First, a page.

The headlines are alarming. To outsiders, it must look like the country is on the brink of collapse. And why? Because the CJ does not like the President’s judicial appointments. With the nation suffering daily attack from jihadi militants, the price of essentials rising due to inflation, the continued struggle to stabilize our fragile democratic system which is also under daily attack from would-be dictators and their peons — why is there even an argument about whether one good judge or another should be appointed? Is it worth sacrificing the country for the CJ to satisfy his ego? Enough.
Dr Syed Mansoor Hussain sees this problem clearly, and describes the danger of putting ego before country in his column in today’s Daily Times.
Does it really matter to an ordinary Pakistani who becomes the next judge of any of our superior courts? What difference is it really going to make in the life of the common man as to which judge is elevated from which court to which court? As is my wont, while stuck in traffic at one of the ‘anti-terrorist’ road blocks, I put the big question about the latest confrontation between the two major branches of government to my driver. Frankly, he had not the foggiest idea what I was talking about.
Here I must admit that even though I am reasonably well informed myself, even I have no idea what this brouhaha is all about. Are all members of the lower courts not honourable and decent judges that are well qualified to be elevated to the apex court? If indeed they are, then why these conniptions and if they are not then why do they continue to serve in the superior courts in their present positions?
Obviously, this controversy about judicial appointments is not a matter that concerns real, every day Pakistanis who are concerned more about working and feeding their families, keeping themselves safe from radical militant bombers and petty street criminals, and wondering whether or not the power will go out again at an inconvenient time.
But there is more to the story here, because while this petty game of ego takes up all the conversations in drawing rooms, it does present an actual danger to the stability of the government. And there we must ask ourselves, do we have a democratic government? Or do we have a dictatorship of the Chief Justice?
I am and have always been a supporter of a strong and independent judiciary. And as such hope that this latest confrontation is resolved before ‘bad things’ start happening. As it is, important matters are before the superior courts that need urgent resolution. I understand that the right to appoint judges is a serious matter and in the past usurpers of the presidency have used this power to bend the legal system to justify their unconstitutional actions. But are we not sort of over that period?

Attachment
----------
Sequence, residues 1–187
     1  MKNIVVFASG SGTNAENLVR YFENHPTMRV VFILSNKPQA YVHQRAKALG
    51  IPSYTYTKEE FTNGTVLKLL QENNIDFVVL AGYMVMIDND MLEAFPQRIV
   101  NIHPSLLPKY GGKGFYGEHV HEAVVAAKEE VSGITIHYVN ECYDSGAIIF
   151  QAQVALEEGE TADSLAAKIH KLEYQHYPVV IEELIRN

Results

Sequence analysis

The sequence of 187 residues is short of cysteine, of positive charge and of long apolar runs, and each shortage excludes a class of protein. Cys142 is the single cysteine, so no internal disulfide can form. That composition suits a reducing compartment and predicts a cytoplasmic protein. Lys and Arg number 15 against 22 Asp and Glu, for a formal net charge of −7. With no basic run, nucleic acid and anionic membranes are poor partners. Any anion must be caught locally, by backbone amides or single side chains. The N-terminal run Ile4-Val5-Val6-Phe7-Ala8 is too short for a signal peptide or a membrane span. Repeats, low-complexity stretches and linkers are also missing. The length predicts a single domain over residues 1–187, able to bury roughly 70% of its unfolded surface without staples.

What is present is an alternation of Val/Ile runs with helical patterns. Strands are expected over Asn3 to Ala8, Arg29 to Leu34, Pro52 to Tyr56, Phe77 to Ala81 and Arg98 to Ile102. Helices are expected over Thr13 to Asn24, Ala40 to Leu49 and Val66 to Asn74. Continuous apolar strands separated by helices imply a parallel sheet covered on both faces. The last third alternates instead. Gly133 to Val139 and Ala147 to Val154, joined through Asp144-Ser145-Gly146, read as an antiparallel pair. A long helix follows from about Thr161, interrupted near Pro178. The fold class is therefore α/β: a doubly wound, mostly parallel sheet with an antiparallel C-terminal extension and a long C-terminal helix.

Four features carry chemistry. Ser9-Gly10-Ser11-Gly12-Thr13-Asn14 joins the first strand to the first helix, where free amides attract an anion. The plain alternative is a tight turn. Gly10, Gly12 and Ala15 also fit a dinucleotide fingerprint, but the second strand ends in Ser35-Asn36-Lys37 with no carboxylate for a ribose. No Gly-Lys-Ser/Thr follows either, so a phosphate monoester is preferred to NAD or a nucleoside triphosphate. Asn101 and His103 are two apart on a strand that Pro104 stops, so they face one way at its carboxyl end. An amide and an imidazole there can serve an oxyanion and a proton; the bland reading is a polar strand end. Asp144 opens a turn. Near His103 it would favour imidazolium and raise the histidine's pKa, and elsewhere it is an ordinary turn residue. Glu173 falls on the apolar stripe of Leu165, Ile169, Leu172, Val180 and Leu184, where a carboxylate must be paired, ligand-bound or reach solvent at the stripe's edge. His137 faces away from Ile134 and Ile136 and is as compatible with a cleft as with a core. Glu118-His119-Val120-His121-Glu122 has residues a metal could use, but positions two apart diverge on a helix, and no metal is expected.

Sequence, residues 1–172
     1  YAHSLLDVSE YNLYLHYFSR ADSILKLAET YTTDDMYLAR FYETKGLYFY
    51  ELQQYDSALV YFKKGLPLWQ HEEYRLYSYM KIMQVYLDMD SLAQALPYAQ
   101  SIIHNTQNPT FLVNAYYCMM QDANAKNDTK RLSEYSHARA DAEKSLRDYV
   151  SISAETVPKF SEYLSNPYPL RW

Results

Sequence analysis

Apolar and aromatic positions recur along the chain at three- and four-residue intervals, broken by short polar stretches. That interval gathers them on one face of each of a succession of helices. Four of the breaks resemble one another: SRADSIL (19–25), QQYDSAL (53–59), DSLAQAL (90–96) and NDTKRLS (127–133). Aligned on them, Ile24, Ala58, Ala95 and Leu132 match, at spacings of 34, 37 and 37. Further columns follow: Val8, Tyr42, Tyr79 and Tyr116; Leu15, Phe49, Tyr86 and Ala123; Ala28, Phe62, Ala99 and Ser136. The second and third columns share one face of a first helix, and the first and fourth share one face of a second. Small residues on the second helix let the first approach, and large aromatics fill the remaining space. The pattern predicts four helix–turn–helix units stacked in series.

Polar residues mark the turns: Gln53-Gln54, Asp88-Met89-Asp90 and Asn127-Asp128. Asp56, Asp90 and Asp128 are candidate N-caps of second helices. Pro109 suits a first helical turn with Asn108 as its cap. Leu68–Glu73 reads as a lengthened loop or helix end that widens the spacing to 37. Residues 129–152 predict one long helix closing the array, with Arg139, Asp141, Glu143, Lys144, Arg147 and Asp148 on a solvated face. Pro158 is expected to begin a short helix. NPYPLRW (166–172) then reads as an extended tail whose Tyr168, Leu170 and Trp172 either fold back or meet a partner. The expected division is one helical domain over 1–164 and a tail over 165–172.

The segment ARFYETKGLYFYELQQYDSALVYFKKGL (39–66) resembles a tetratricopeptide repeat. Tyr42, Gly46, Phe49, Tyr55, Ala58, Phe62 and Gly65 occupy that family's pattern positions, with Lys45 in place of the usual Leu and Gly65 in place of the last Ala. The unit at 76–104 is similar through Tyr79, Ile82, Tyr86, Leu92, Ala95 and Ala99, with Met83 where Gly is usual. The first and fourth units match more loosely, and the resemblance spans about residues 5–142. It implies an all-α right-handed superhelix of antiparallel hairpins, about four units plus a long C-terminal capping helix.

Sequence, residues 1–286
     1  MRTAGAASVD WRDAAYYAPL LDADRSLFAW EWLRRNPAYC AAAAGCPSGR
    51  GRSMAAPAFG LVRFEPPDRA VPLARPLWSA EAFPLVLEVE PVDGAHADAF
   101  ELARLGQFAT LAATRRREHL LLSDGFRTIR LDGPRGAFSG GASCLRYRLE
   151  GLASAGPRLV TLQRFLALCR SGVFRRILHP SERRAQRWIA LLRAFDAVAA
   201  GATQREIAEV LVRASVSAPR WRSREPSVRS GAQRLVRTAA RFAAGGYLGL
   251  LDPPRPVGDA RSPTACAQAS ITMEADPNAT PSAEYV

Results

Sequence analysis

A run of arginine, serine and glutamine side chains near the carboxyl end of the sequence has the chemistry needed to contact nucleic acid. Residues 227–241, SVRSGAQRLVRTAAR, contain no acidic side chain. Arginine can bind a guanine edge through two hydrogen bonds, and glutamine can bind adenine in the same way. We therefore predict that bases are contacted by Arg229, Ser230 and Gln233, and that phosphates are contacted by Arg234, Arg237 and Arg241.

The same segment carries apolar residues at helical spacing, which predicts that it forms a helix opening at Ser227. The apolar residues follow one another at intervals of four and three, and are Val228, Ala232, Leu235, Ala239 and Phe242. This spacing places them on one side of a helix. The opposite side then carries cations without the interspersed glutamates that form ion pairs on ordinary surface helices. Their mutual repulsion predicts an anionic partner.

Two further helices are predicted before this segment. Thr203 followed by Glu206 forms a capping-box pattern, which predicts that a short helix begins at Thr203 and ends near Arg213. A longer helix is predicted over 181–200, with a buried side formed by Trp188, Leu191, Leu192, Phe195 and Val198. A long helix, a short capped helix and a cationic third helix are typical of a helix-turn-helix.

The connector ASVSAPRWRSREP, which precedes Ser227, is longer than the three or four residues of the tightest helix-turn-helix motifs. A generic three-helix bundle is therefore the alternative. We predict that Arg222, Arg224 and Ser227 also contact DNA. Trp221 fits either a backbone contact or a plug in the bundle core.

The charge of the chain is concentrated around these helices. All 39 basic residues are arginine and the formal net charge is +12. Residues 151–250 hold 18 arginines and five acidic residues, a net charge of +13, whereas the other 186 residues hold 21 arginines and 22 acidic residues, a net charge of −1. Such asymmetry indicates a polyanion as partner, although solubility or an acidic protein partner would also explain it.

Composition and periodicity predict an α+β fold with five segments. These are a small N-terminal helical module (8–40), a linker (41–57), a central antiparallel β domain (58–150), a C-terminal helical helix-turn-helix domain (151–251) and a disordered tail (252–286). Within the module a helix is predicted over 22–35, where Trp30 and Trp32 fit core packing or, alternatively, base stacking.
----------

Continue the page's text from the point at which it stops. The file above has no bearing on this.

The republic it seems is no longer being run by some general who has appointed himself president. We have an elected parliament and head of government, a vibrant — though at times seemingly fractious — democratic system in place and a president who has been elected as prescribed by the Constitution. So what is all this angst about? Are members of our honourable courts overreacting to their own past subservience to the presidency, or is it all the fault of the president who is trying to prove that he is indeed still a powerful president?
There is still time, though, for the CJ to change course and act to put the good of the country before his own ego. Actually, he can have both. Consider if the CJ relents and announces that he is putting the good of the country before his own wishes. Will that not then make him something of a national hero? So let him be satisfied that he is saving democracy and also getting the attention he needs. After all, while there is a clear danger to this game of ‘chicken,’ what can possibly be the danger of allowing the President’s appointments? It will not threaten the court, it will not threaten democracy. In fact, if the CJ had not said anything, nobody would even notice.
Here I wish to make a rather obvious point. Pakistan has a ‘young’ and inexperienced democratic system in place that is still trying to find its ‘sea legs’. The fact that it is young and inexperienced is partially the responsibility of our superior judiciary that in the past sided consistently with undemocratic forces.
It would then seem to an inexperienced neophyte like me that the Supreme Court of Pakistan at this point in time would be more inclined to shelter and protect the ‘tender shoots’ of democracy rather than undermine a democratically elected government, however inefficient and immature it might seem to be. For if this government is made to seem totally ineffectual then it will also make it completely incapable of governing the country.
Please, Chief Justice, we pray that you put the good of the country first. Your nation needs it.